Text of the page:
Restrictive cardiomyopathy, the rarest form of cardiomyopathy, is a condition in which the walls of the lower chambers of the heart (the ventricles) are abnormally rigid and lack the flexibility to expand as the ventricles fill with blood.
The pumping or systolic function of the ventricle may be normal but the diastolic function (the ability of the heart to fill with blood) is abnormal. Therefore, it is harder for the ventricles to fill with blood, and with time, the heart loses the ability to pump blood properly, leading to heart failure.
It's the news you don't want to hear from your cardiologist: One or more of your coronary arteries -- the blood vessels that supply blood to your heart -- is blocked. You have coronary artery disease, the No. 1 killer of U.S. adults.
So does this mean you're headed for bypass surgery? Maybe not, if your situation isn't an emergency.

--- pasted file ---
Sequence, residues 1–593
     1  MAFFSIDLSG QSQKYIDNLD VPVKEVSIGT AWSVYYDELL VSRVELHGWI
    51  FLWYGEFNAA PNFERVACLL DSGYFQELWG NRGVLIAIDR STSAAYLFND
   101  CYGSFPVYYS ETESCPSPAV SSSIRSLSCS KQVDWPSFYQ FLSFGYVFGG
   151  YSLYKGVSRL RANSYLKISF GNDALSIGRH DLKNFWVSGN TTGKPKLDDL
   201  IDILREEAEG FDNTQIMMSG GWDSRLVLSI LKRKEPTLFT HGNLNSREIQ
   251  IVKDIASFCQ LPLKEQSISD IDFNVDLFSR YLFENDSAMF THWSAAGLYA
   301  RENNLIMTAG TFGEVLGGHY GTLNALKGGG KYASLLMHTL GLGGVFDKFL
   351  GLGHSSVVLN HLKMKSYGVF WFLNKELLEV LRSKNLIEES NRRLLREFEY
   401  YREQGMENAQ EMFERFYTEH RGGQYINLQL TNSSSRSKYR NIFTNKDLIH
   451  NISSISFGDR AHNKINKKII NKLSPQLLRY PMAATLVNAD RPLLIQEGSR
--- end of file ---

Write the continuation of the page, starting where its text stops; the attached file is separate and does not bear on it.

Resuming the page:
You might have other options -- including less drastic procedures to reopen those arteries, medication alone, or even radical lifestyle change.
What's your best option?...
The size of the heart may remain normal with restrictive cardiomyopathy. In some cases, restrictive cardiomyopathy may be confused with constrictive pericarditis, a condition in which the layers of the pericardium (the sac that surrounds the heart) become thickened, calcified, and stiff.
A myocardial biopsy, or biopsy of the heart muscle, occasionally is done to determine the cause of cardiomyopathy. During a myocardial biopsy, a small tissue sample is taken from the heart and examined under a microscope to examine the cause of the symptoms.